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Bush drives Putin to Texas ranch in pickup truck
By Randall Mikkelsen

CRAWFORD, Texas, Nov 14 (Reuters) - President George W. Bush welcomed Russian President Vladimir Putin to his Texas ranch on Wednesday, hoping some down-home hospitality would soften Putin's skepticism over U.S. missile defense plans.

With a light rain falling, Bush drove the Russian leader to his ranch house in a white pickup truck as their summit moved to the wide open spaces of Texas.

"The president brought rain for which we are always grateful in the state of Texas," Bush shouted to reporters from behind the wheel of the Ford truck with Putin at his side. In seats behind them were wives, Laura Bush and Lyudmila Putin.

Wearing black slacks and a black shirt, the Russian leader became the first foreign leader to visit Bush's Prairie Chapel ranch.

A Marine One helicopter brought Putin and his wife to a helipad located on the ranch. Stepping off the chopper, Mrs. Putin offered a yellow rose to Mrs. Bush.

Then they all climbed into the truck for the short drive to the main house and nearby guest house where the Putins were staying overnight on the 1,600-acre (647-hectare) ranch.

"I still know how to drive," said Bush, who is more accustomed to being driven around in a limousine.

He said he wanted to show Putin some sights on his ranch.

"We're going to take a tour. I want to show him some of my favorite spots on the ranch," Bush said, who had shed his dark Washington suits for faded blue jeans, cowboy boots and a rugged gray jacket.

A big party for 28 people was in the planning for the evening. The dinner menu included such Texas favorites as esquite-smoked peppered beef tenderloin, southern fried catfish, fire-roasted potatoes with poblano peppers, old-fashioned green beans, and pecan pie.

The guest list included famed pianist Van Cliburn, who once won a piano competition in Moscow and lives in Fort Worth. Golfer Ben Crenshaw was also attending.

The Ranch Hands Band, a Texas swing band, would also provide some of the entertainment.

Crawford, a tiny town outside Waco in central Texas, rolled out a homey welcome for the two leaders on Wednesday, with signs made by local school children decorating fence lines along the road into town.

"Texas says 'howdy' Russian Pres. Putin," said one banner.

Bush hoped the Texas stop would give Putin a glimpse of rural America and solidify their already warm personal relationship.

He also was planning to follow up on their Tuesday talks in Washington on a new strategic relationship.

"The best diplomacy starts with getting to know each other," Bush said on Tuesday.

This week's movable summit is the fourth meeting between Bush and Putin, and their warm personal chemistry showed no signs of cooling when the two met at the White House on Tuesday. "You're the kind of guy I'd like to have in a foxhole with me," Bush told Putin in their Oval Office meeting, according to a senior U.S. official.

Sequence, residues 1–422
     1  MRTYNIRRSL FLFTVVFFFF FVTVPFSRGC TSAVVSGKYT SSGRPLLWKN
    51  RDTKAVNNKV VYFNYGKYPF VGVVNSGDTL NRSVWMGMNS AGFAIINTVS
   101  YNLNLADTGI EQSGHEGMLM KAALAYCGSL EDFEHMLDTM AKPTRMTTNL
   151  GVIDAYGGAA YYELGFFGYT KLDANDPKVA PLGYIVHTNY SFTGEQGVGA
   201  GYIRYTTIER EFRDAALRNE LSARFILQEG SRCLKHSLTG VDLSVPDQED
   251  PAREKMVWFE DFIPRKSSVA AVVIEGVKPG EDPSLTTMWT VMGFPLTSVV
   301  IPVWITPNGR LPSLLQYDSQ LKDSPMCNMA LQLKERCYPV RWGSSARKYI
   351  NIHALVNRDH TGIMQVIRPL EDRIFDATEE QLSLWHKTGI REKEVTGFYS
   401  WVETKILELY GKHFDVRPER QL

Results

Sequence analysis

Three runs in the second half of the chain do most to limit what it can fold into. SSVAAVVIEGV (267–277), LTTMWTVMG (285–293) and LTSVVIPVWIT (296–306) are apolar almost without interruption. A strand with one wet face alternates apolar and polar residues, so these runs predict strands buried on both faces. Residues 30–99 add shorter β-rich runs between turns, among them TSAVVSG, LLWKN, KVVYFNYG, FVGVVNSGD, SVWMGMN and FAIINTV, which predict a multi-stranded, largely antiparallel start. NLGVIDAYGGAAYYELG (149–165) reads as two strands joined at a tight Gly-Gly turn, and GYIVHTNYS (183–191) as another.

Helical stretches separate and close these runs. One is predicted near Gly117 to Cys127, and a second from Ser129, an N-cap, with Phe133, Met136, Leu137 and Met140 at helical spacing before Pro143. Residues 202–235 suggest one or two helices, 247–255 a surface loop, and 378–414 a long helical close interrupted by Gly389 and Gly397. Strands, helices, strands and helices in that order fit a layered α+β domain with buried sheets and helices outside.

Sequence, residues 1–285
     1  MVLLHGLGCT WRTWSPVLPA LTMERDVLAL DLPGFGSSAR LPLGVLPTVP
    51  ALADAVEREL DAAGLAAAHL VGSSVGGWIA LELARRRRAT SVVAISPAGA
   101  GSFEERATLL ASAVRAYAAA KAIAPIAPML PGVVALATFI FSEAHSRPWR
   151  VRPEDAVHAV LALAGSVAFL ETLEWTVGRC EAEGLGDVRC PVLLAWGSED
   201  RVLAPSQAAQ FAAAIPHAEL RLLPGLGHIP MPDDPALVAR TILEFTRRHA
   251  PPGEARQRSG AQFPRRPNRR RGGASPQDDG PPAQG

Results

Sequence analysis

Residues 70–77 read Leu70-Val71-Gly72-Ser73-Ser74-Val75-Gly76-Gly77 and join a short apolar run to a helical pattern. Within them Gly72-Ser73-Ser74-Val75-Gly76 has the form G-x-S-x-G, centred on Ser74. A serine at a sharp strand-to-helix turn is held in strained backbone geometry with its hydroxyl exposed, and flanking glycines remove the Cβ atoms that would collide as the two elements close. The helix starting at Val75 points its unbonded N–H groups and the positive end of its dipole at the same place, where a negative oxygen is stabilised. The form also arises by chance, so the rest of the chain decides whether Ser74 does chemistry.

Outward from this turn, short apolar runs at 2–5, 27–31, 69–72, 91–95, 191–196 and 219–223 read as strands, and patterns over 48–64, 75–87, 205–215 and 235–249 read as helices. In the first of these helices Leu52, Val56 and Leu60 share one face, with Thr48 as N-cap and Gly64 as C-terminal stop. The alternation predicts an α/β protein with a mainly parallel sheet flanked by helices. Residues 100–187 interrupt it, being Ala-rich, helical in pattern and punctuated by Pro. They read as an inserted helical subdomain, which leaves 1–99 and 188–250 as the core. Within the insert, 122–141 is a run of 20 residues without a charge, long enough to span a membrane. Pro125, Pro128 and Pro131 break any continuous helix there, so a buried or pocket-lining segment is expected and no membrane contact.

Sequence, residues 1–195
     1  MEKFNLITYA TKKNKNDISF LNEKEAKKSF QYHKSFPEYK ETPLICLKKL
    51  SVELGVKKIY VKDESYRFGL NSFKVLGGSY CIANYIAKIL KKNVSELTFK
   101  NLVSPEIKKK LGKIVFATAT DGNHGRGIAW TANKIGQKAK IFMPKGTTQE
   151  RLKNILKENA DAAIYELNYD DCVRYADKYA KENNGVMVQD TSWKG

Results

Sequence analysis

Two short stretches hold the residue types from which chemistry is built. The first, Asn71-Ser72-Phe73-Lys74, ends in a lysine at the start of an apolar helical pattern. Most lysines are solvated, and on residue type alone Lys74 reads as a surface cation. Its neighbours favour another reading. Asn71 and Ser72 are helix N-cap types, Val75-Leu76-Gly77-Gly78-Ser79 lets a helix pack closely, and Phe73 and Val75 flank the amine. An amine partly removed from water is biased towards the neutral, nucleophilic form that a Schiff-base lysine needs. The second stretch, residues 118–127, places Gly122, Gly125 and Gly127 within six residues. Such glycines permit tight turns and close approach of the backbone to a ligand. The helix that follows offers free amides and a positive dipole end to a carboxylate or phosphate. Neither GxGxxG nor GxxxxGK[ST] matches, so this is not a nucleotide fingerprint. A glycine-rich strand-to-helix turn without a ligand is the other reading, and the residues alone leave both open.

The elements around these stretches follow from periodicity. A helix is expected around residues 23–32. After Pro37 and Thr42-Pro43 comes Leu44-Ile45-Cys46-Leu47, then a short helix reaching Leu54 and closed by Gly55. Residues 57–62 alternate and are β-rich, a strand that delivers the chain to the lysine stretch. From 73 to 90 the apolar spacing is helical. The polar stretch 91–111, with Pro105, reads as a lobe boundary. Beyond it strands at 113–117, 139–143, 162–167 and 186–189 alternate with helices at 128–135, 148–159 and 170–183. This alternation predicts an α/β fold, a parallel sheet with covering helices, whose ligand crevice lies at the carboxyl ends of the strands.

Each leader agreed to cut their nuclear weapons stockpiles by two thirds, although they failed to resolve differences over U.S. plans to develop a missile defense system.

In Crawford the two leaders will again try to make progress on missile defense, Bush said. However, he showed no sign of yielding on his aim to abandon the 1972 Anti Ballistic Missile treaty in order to develop a missile shield.

Putin views the treaty as an essential cornerstone of the strategic relationship between the two countries.

"He has got some concerns about getting rid of the ABM treaty," Bush said in Waco. "I've listened very carefully to him. But I've made the case to him that we need to move beyond the vestiges of the past," he said.

White House spokesman Ari Fleischer declined on Wednesday to predict whether Bush would initiate missile defense system tests that were suspended last month to avoid violating the ABM treaty. The tests were suspended to give the two leaders a chance to bridge differences over the pact.


Bush said he did not expect a breakthrough in Crawford, and top aides said specifically they did not expect an agreement on the ABM treaty during Putin's visit.

"I don't think there's a particular moment where a relationship breaks through," Bush said. "Actually, it takes a while. It takes a while to build up the trust necessary for him to know that I intend to keep my word when I say I'm going to do something and vice versa."

Bush said on Tuesday he would cut the U.S. nuclear weapons stockpile by two thirds over the next decade, to between 1,700 and 2,200. Putin said Russia would follow suit, but said he wanted a verifiable treaty to cement the reductions, something Bush views as unnecessary.

"Today the world is far from having international relations based solely on trust, unfortunately," Putin said at the Russian Embassy on Tuesday.

Putin, on his way to Crawford, stopped in Houston, and spoke at Rice University.

There, he made a case for Russia to work more closely with NATO to counter the threats of terrorism as well as weapons of mass destruction following the Sept. 11 attacks.

"We are ready to cooperate with NATO to the same extent that NATO is ready to cooperate with us," he said. "This is in the interests of Russia and we are examining different options on this."

Also on the agenda in Crawford were talks on containing biological terrorism, combating weapons proliferation, and NATO enlargement. A senior U.S official described Russian arms sales to Iran as one of the most difficult bilateral issues.

The two are also planning to visit the small town of Crawford on Thursday and speak at the local high school.

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